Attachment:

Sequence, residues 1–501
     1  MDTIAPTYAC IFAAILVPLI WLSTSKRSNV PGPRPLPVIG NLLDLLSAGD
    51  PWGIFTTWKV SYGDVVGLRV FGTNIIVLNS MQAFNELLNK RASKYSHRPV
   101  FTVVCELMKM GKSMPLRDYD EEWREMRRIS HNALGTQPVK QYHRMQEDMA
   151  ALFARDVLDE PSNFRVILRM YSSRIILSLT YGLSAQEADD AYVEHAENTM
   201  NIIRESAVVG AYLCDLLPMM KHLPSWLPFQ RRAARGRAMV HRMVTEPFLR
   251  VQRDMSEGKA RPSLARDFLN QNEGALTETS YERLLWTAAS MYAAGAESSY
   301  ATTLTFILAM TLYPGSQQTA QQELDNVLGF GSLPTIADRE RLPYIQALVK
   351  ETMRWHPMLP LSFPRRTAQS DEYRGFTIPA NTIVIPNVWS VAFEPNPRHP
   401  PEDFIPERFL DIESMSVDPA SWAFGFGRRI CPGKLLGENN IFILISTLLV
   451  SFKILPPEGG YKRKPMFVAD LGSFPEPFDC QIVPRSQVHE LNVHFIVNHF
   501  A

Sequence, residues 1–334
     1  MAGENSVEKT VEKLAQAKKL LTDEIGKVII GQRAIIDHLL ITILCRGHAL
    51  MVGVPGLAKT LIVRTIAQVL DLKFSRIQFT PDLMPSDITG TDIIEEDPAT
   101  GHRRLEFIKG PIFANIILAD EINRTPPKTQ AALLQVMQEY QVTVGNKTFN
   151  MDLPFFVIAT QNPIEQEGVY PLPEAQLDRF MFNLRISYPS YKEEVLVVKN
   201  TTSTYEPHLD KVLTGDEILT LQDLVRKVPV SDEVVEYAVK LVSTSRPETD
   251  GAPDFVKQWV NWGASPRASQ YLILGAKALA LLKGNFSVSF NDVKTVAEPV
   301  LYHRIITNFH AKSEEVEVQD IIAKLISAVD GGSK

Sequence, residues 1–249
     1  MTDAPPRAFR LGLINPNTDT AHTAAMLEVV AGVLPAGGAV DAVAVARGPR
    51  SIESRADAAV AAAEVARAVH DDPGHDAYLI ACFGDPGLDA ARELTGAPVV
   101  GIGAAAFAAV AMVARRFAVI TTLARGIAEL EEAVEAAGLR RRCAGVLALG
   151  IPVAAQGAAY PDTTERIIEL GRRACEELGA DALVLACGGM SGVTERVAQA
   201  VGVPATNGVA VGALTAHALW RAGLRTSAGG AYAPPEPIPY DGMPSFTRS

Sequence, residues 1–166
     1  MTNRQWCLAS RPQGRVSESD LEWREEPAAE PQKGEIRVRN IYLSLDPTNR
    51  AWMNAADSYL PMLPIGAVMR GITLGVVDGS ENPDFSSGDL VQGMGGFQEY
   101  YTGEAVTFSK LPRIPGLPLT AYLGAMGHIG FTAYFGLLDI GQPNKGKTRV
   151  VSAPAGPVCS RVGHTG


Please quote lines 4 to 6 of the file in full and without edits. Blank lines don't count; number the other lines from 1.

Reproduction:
   101  FTVVCELMKM GKSMPLRDYD EEWREMRRIS HNALGTQPVK QYHRMQEDMA
   151  ALFARDVLDE PSNFRVILRM YSSRIILSLT YGLSAQEADD AYVEHAENTM
   201  NIIRESAVVG AYLCDLLPMM KHLPSWLPFQ RRAARGRAMV HRMVTEPFLR